A new translation of some landmark Anglo-Saxon poems has arrived: Curious Masonry, translated by Christopher Patton. It does not matter if poems are old or new, or whatever the languageall poetry is a real or imagined flare-up of being.
Charles Bernstein is the author of Attack of the Difficult Poems: Essays and Inventions (University of Chicago Press, 2011); All the Whiskey in Heaven: Selected Poems (Farrar, Straus and Giroux, 2010); Blind Witness: Three American Operas (Factory School, 2008); and Girly Man (Chicago Press, 2006).
The Acolytes, by Rainer J. Hanshe, depicts an entangled coterie of actors and authors in contemporary New York City. Terence and Gabriel are young actors at the start of their careers, Ivan is their controlling and compulsive director, and Amos is the clairvoyant author/playwright around whom the others gravitate.
I recently had the opportunity to meet Molly Jong-Fast and speak with her about her new comic novel, The Social Climbers Handbook (Villard, 2011), in which Daisy Greenbaum, an unlikely serial killer who lives on the Upper East Side of Manhattan, volunteers at a soup kitchen and cares for her family.
When Thomas Bernhards Heldenplatz (Heroes Square) premiered in 1988, self-appointed defenders of Austrias noble heritage unloaded a truckload of horseshit in front of the steps to the Burgtheater in Vienna.
In the beginning of Yellow Back Radio Broke-Down, Ishmael Reeds hilarious parody of the dime store Western, Loop Garoo Kid offers his view of the novel as an art form: No one says a novel has to be one thing. It can be anything it wants to be, a vaudeville show, the six oclock news, the mumblings of wild old men saddled by demons.
Intimacy. Why do we need it? How do we preserve it in a time when being present means being everywhere and nowhere at once, between Facebook statuses, Google, and Twitter? Masha Tupitsyns LACONIA: 1,200 Tweets on Film considers these questions and visual culture at large through the private/public sphere of the Internet.
Blake Butlers highly anticipated novel, There Is No Year, has had a controversial start in the criticism world. Baffling to many, those unsure of how to perceive the work avoid discussing it altogether.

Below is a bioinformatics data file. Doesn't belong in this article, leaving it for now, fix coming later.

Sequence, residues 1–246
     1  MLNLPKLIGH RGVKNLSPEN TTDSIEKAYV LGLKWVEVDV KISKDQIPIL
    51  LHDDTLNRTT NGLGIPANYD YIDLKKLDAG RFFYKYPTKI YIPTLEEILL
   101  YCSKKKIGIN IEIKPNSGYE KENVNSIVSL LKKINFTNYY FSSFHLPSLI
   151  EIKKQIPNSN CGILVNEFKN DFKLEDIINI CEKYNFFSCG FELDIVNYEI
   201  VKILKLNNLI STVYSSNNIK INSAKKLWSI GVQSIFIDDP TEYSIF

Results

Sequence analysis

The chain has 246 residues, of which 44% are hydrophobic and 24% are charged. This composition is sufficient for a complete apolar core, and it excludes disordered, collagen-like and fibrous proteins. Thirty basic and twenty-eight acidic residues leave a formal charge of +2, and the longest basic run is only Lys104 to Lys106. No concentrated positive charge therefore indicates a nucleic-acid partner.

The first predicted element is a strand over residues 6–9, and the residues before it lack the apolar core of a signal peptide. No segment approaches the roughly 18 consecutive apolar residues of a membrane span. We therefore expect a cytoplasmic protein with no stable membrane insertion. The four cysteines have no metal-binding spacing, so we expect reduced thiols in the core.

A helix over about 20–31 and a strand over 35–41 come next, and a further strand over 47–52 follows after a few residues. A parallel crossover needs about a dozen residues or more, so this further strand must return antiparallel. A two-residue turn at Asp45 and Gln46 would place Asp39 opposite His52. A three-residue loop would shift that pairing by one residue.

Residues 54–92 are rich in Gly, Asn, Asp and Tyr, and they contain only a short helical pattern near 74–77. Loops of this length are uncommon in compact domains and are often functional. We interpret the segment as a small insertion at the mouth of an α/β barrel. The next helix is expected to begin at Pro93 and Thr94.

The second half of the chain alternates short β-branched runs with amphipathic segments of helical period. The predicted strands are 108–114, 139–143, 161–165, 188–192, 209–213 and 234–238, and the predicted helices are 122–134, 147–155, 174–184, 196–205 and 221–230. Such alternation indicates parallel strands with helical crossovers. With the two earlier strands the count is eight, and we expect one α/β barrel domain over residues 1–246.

The scene is a small café in Tel Aviv. An 84-year-old male ballet phenomenon engages his waitress in conversation. He always orders the same thing: espresso, a side of steamed milk, water with lemon. Initially she ignores his advances, but quickly succumbs to his persistence.
Set in Copenhagen, Falling Sideways is a corporate novel that challenges the status quo life. Most of the characters work for the Tank, a Danish think tank-like organization with a vague interdisciplinary policy mission. Besides being a play on the organizations function, the Tanks name hints at an unstoppable menacedownsizing is about to wreak havoc on its employees.
The raw, emotional narrative voice that runs throughout William Lychacks book of short stories keeps readers on edge. While there are a myriad of different perspectivesa hybridizer and his paranoid wife, a police officer, a ghostwriter, a school teacher with mythic originsthe narrative voice feels continuous.
Peter Handke brings us an interesting look at the apparently oft-misunderstood legend of Don Juan. We as readers are granted access to the sensitive side of this legendary womanizer by the narrator, a slightly depressed chef and innkeeper whose business is less than thriving in the French countryside where he makes Don Juans acquaintance.
In the final installment of Jim Krusoes trilogy about life and death, the protagonist, Bob, reupholsters furniture, bakes cakes, fights with his neighbor, and attempts to communicate with the dead through a helmet made of egg cartons. Well, egg cartons and a microphone.
Elizabeth Willis shares her Address, making the word and the world one. Magic is at work in the willed adventure of the alpine grass. Yesness Park signals go. These poems are surefooted, yet unpredictable.
A cornucopia of pleasures, some that come with a sapient sting, FSGs new bilingual anthology of Latin American poetry provides something for everyone in its great variety and generous, ecumenical selection.